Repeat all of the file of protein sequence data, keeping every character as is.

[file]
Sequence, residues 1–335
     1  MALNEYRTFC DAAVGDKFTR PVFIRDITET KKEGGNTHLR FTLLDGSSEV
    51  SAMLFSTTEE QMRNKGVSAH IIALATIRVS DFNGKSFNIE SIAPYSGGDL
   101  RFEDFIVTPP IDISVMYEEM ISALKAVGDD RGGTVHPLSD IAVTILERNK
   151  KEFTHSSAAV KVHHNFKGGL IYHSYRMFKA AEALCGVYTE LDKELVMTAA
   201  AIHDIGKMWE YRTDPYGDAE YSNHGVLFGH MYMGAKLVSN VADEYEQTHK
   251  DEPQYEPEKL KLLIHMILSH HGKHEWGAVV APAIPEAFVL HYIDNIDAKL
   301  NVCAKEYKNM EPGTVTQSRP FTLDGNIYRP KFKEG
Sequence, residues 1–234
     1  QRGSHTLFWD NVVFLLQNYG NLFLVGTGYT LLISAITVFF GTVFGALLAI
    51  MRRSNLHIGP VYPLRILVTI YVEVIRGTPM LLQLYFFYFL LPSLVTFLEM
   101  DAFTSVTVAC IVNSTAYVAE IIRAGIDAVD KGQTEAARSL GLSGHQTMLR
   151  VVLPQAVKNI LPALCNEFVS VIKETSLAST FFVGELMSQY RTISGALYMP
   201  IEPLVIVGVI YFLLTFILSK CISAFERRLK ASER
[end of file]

Sequence, residues 1–335
     1  MALNEYRTFC DAAVGDKFTR PVFIRDITET KKEGGNTHLR FTLLDGSSEV
    51  SAMLFSTTEE QMRNKGVSAH IIALATIRVS DFNGKSFNIE SIAPYSGGDL
   101  RFEDFIVTPP IDISVMYEEM ISALKAVGDD RGGTVHPLSD IAVTILERNK
   151  KEFTHSSAAV KVHHNFKGGL IYHSYRMFKA AEALCGVYTE LDKELVMTAA
   201  AIHDIGKMWE YRTDPYGDAE YSNHGVLFGH MYMGAKLVSN VADEYEQTHK
   251  DEPQYEPEKL KLLIHMILSH HGKHEWGAVV APAIPEAFVL HYIDNIDAKL
   301  NVCAKEYKNM EPGTVTQSRP FTLDGNIYRP KFKEG
Sequence, residues 1–234
     1  QRGSHTLFWD NVVFLLQNYG NLFLVGTGYT LLISAITVFF GTVFGALLAI
    51  MRRSNLHIGP VYPLRILVTI YVEVIRGTPM LLQLYFFYFL LPSLVTFLEM
   101  DAFTSVTVAC IVNSTAYVAE IIRAGIDAVD KGQTEAARSL GLSGHQTMLR
   151  VVLPQAVKNI LPALCNEFVS VIKETSLAST FFVGELMSQY RTISGALYMP
   201  IEPLVIVGVI YFLLTFILSK CISAFERRLK ASER